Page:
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So...... This is an instructable on how to turn something as cosy and romantic as a candle holder - into a statement of pure, heavy machoness. 

Obviously you can put any message on it. Anything from "LOVE"  spanning to Ramones'  classic lyrics "HEY HO, LETS GO" will work. Depending on the size of letters (or the size of your concrete sculpture).

Disclaimer;  Concrete may  “explode” or crack at high temperatures. The likelihood of this occurring will depend on
temperature, tension and moisture content. This is something engineers need to take into account when, for example, construction a subway station that will withstand a fire long enough to allow people to evacuate.

In the specific case of my concrete candle holder, I would say that the likelihood of an explosion is low. As it is an open, well ventilated construction with a relative large mass of concrete to absorb the heat, it is unlikely that the
concrete will ever reach critical temperatures of around +350 degrees celcius (660 Farenheit).

Also, the candle holder is not under any external pressure/weight (although the heat may create internal pressure). However, depending on how (badly) you build your candle holder - it may break or crack. This could cause a fire.

A tea candle is also a potential fire hazard as the candle may melt creating an overheated fluid which may create a much larger flame than intended.

So, as a disclaimer - never leave this or other candles/candle holders unattended!

Step 1: Set the Text in Your Mold

Cut out the letters (using thick paper) you want to use for your message/statement. Glue them on the inside of the mold you want to use. But they have to be mirrored and upside down! In my case I used an old plastic jar for sourcreme (empty).

Step 2: Pour Concrete Into Your Mold

Glue two tea candles to the bottom of your plastic container. To make the holes for the candles (duh..)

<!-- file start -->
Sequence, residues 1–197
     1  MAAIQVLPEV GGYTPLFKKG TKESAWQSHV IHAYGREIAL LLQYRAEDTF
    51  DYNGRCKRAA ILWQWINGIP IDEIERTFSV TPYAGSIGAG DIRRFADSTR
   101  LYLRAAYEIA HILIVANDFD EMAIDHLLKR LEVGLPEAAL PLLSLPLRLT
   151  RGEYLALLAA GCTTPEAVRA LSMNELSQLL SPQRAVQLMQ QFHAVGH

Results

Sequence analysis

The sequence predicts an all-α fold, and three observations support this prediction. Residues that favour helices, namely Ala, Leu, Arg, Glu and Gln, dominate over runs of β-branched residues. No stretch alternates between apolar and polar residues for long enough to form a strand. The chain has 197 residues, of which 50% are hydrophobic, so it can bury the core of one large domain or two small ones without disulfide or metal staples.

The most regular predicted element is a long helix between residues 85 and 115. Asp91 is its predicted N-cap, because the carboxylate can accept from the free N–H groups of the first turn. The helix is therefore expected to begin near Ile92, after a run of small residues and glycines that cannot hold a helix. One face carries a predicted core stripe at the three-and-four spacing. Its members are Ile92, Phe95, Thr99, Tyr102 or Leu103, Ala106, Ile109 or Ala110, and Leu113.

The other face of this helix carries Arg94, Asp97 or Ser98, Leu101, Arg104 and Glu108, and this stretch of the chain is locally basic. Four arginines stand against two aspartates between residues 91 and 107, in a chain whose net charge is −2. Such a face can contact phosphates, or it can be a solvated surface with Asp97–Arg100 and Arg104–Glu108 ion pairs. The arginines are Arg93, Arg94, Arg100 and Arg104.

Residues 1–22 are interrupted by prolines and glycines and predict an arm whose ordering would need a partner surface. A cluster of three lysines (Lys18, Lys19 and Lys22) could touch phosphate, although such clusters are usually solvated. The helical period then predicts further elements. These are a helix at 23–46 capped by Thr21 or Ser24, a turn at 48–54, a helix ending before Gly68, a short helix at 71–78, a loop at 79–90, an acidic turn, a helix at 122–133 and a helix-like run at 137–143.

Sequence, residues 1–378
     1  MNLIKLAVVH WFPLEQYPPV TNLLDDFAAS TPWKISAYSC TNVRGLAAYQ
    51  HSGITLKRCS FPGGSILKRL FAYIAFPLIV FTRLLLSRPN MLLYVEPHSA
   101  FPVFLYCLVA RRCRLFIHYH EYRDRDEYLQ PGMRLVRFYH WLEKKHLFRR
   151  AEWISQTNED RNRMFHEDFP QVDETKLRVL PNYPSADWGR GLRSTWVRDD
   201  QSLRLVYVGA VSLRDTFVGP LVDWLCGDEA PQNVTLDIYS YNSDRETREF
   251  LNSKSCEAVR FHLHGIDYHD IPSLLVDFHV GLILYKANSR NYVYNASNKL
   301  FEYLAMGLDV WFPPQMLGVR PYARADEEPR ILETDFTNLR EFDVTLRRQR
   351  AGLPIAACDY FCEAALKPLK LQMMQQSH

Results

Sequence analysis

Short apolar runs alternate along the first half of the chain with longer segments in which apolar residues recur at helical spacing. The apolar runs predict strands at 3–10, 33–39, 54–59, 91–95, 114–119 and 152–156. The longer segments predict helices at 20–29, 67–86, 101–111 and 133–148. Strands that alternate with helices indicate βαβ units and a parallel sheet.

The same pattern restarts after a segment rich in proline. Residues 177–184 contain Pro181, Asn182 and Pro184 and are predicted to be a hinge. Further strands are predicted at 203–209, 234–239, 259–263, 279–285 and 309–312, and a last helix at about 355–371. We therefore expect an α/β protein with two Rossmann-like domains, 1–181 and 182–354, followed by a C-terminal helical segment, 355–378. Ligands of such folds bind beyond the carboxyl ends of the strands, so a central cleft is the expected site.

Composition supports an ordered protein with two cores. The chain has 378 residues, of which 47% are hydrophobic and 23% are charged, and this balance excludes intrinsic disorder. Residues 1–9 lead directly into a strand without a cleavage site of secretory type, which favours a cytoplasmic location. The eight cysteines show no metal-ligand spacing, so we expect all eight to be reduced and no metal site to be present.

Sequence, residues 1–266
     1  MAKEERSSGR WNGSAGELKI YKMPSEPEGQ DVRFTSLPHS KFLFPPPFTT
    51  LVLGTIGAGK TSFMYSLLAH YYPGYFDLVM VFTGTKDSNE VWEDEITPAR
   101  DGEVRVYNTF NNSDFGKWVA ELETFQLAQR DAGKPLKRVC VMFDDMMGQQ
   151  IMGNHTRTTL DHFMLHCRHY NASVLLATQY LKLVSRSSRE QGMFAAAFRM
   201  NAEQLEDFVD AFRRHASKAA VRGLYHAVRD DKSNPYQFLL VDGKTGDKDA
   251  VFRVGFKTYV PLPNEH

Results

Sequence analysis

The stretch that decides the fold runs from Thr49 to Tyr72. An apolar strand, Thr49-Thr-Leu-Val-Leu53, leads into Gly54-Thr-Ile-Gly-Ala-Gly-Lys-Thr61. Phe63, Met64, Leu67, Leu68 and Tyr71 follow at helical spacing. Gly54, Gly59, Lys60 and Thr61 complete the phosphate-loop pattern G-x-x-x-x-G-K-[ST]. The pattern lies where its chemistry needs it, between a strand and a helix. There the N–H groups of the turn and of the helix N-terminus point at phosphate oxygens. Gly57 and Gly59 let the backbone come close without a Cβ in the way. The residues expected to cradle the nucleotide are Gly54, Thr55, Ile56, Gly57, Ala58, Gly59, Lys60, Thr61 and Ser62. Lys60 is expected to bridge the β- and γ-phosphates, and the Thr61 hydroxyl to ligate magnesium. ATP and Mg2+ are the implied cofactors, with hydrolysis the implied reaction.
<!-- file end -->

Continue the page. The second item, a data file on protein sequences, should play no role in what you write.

Rub some oil into the plastic container to make sure the concrete will release when it is dried (burned). Pour concrete into mold. Tap it gently to avoid air bubbles.

Let it dry for a couple of days while watering the concrete daily to avoid cracks.

Break the mold and behold your creation!
When concrete gets hot enough it explodes<br>Be careful!!!
<p>Thank you Daniel for an interesting and valid comment! Concrete may indeed<br>&ldquo;explode&rdquo; at high temperatures. The likelihood of this occurring will depend on<br>temperature, tension and moisture content. </p><p>This is something engineers need to take into account when, for example, construction a subway station that will withstand a fire long enough to allow people to evacuate.</p><p>In the specific case of my concrete candle holder, I would say that the likelihood of an explosion is low. As it is an open, well ventilated construction with a<br>relative large mass of concrete to absorb the heat, it is unlikely that the<br>concrete will ever reach critical temperatures of around +350 degrees celcius (660 Farenheit). </p><p>Also, the candle holder is not under any external pressure/weight (although the heat may create internal pressure). However, depending on how (badly) you build your candle holder - it may break or crack. This could cause a fire. </p><p>A tea candle is also a potential fire hazard as the candle may melt creating an overheated fluid which may create a much larger flame than intended.</p><p>So, as a disclaimer - never leave this or other candles/candle holders<br>unattended!</p><p>/Frederik</p>
It's oxymoronic! Great! :)
<p>Thanks! I guess you are right!</p>
looks great, I ave a question. If i use POP rather than concrete, will it work?
<p>Thanks! Sorry, I don't know what kind of material POP is.... I have only tried with concrete, so I can't help you there. </p>
<p>This is great! How did you glue the tea lights into your mold but keep the glue from leaving any marks?</p>
<p>Thanks! Hmm... I seem to recall that I poured some liquid silicone rubber into the bottom of the mold - because it was tricky to glue the tea candles to the bottom... Should probably have mentioned that in my instructable. What might be even better is perhaps to put silicone rubber over the the candles as well. This will increase the diameter of the holes slightly, making it easier to get the candles out-and new ones in.</p><p>The rugged outer rim of the candle holder (which I like) was probably caused by the fact that I poured in the concrete before the silicone rubber had dried (I am not the most patient person sometimes). The best of luck!</p><p>/Frederik</p>

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Bio: I am a Swede living in Stockholm, with two beautiful kids and one wife (equally beautiful!)..
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